What's the fuss all about? The novel finds Hitler waking up and reeking of petrol on a vacant Berlin lot, which the reader is left to assume was on the site of his famous Führerbunker beneath the Reich Chancellery. Having no clue what has happened and puzzled by the lack of bomb damage and young people sans Hitler Youth attire, he's taken in by a friendly newspaper vendor. He learns that it's 2011 and has to adjust to modern times. Taken for an impersonator that never breaks character, the comedy lies in his entirely inappropriate answers to every situation. And very quickly this Hitler becomes famous. Finding fame on a skit show, a YouTube slot quickly follows along with a dedicated show and a list of awards. One of the funniest moments of the book is where he pays an impromptu visit to the headquarters of the National Democratic Party (NPD), the far right outfit that foreswears but unofficially has considerable continuity with the Nazis. Needless to say, Hitler is far from impressed and hilarity ensues as he unknowingly tries to trap the hapless chairman into admitting their fealty to national socialism on camera.
I don't want to give too much away, except to say Look Who's Back is a very funny novel. It's also perhaps surprising that it originated in Germany where, understandably, Hitler remains very much a taboo topic. Problematically, there are almost moments when Hitler is cast in a sympathetic light, especially when he is roughed up by a couple of Neo-Nazis who take him as a Jew-orchestrated send up of their beloved inspiration. Having read Mein Kampf, which is not an experience I'd recommend to anyone, in may ways Vermes captures Hitler's character well. While not the rasping, ranting demagogue of the newsreels, the monomaniacal self-belief is there and the exceedingly limited racialised way of looking at the world is well-rendered, though understandably without the kinds of terms Hitler would have thought with. Where Vermes goes off-piste with Hitler's character is that the narrative convention of novel writing means rendering the fuhrer coherent and well-expressed. As his semi-autobiographical rantings and musings demonstrate, this was definitely not the case.
Of course, this book isn't really about Hitler. It's not even about standing attitudes toward his legacy. It's about modern Germany. One thing that always strikes me about reading modern European literature in translation is how similar societies over the channel are to dear old Blighty. It's the Americans who are weird. Therefore, Look Who's Back it's about us too. Vermes has the superficiality of celebrity culture in his sights and exposes the impossibility of authenticity under these conditions. Our Hitler is the real Hitler, but his "authentic" offerings can only be viewed as a simulation of the real thing, his declarations for lebensraum, musings on the "interracial mixing" of dogs, and attack on the cowardly lampooning of other nationalities (yes, really) are taken as affectations of an impersonator, his message - which is deadly earnest - a bit of harmless distraction to be laughed at. Like so many offensive celebrities, as per Clarkson and Hopkins, Hitler is allowed to peddle his nonsense because there is money to be made. The consequences, which are a coarsening of public discourse and an evacuation of sympathy and feeling from popular culture always play second fiddle to ratings.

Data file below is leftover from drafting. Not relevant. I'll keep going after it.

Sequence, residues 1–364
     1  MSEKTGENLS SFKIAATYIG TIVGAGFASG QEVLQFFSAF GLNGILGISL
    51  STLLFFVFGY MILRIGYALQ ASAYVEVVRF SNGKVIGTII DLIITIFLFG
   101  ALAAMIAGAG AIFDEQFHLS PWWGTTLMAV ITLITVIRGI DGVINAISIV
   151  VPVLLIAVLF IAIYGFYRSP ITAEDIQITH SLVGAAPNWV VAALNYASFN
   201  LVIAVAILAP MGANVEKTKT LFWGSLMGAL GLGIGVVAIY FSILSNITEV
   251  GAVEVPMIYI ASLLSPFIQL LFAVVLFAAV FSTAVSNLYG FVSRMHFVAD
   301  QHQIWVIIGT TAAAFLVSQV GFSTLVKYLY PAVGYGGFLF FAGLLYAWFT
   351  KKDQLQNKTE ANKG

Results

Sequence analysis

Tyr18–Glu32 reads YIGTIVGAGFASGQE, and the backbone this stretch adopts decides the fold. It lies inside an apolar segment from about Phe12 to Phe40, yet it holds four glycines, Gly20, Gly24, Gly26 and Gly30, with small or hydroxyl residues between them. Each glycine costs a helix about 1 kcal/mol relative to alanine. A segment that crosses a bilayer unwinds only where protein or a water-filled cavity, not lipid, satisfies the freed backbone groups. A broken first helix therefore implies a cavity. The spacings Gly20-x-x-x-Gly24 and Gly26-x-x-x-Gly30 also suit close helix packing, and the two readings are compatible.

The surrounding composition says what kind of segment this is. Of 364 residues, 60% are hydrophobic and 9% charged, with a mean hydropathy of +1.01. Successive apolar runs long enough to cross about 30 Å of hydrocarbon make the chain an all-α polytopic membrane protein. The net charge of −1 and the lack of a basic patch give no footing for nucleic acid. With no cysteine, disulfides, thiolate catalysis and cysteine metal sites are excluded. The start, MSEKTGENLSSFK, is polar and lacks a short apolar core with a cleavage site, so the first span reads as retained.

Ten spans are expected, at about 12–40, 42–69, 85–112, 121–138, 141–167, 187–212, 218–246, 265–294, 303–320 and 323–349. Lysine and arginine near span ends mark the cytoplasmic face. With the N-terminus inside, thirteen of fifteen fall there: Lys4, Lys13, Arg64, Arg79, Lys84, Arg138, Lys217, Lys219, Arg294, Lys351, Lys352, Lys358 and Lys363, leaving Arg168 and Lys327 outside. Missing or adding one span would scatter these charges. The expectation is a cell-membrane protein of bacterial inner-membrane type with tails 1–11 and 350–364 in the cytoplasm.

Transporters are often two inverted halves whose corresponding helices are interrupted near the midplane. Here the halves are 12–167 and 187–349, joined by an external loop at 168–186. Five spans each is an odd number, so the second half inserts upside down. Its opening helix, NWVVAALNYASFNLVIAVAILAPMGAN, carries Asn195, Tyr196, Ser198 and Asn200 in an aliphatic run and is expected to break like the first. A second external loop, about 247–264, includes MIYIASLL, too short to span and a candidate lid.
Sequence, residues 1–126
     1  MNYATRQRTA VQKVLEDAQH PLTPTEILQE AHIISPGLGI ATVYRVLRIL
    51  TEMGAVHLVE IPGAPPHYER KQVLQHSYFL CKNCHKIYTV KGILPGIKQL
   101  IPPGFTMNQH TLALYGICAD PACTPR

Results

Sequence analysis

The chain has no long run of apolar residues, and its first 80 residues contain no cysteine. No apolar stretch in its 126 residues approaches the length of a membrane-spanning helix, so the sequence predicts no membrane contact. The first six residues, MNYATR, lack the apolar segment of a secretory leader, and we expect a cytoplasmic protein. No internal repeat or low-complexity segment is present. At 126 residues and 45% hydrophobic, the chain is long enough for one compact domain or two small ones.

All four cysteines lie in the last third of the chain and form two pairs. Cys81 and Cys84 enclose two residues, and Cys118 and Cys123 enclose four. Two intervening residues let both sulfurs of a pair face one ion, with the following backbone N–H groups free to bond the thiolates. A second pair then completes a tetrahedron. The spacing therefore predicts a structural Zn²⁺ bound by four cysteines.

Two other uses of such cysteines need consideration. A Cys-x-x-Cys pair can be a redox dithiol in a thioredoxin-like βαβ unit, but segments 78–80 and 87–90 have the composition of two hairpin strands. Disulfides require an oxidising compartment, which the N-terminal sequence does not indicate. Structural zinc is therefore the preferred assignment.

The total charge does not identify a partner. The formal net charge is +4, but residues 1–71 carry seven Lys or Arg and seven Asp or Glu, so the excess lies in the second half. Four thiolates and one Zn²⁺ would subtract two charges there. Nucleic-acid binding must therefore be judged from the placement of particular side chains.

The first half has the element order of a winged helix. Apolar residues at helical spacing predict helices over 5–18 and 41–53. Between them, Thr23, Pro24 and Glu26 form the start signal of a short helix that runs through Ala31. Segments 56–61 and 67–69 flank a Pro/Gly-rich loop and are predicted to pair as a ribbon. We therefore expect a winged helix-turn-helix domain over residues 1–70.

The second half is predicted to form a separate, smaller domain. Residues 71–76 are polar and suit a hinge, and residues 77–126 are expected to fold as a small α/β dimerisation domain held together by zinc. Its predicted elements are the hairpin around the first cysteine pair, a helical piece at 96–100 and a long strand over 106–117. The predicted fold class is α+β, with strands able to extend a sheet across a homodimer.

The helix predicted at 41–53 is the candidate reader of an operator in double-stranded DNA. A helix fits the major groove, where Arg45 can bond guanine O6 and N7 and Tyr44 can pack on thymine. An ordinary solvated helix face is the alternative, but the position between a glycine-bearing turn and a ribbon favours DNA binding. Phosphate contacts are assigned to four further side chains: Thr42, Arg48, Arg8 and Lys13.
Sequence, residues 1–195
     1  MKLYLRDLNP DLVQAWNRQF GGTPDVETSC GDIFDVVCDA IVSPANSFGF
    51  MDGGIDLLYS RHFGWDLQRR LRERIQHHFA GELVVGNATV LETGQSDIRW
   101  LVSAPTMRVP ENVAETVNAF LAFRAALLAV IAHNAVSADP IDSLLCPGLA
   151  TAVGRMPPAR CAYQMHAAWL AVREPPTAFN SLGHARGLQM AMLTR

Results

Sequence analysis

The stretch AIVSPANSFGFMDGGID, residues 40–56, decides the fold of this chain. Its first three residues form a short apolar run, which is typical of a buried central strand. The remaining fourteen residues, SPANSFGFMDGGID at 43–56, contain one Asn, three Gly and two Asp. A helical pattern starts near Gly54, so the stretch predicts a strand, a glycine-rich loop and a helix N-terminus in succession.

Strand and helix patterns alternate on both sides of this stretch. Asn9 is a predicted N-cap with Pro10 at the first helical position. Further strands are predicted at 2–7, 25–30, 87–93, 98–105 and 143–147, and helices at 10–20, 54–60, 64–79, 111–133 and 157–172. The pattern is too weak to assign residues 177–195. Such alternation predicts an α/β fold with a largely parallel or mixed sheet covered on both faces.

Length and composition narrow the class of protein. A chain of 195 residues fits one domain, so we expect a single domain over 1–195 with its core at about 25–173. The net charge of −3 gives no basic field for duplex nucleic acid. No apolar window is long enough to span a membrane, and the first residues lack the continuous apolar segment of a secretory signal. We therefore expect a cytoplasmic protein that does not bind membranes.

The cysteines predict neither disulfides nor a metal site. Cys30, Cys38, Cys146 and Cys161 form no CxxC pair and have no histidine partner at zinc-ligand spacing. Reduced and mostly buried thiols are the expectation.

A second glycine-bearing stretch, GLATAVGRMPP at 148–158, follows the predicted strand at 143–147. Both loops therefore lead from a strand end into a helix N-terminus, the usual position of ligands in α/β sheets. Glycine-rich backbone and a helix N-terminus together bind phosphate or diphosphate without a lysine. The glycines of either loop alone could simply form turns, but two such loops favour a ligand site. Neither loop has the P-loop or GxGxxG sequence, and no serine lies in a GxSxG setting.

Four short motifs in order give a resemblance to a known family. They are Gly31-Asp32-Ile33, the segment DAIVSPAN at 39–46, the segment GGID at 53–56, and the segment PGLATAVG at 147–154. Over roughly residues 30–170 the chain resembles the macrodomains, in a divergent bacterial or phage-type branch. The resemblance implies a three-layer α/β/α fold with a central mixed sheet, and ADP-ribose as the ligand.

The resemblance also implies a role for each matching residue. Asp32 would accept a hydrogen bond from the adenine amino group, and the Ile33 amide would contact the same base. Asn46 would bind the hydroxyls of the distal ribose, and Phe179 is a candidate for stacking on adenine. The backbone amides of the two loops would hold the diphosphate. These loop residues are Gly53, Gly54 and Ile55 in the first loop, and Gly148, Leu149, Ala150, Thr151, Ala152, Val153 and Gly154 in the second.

It's also a polemic against the the disappearance of history. No one in the novel takes Hitler seriously, but his reappearance allows for the characters - mainly his media support - to indulge in some dubious recrudescences. Replying "jawohl mein fuhrer!", indulging a mass sieg heil by the production staff, saluting him, and providing him a chat show adjutant replete with SS uniform speaks of the amoral, ahistorical grinding of an entertainment industry that repackages and effaces the past as it sees fit. Even something as disgusting as the Nazi period.
In all, a very funny read. The satire and the criticism isn't particularly cutting edge - it's been done before. But this is about chuckles, not chin-stroking.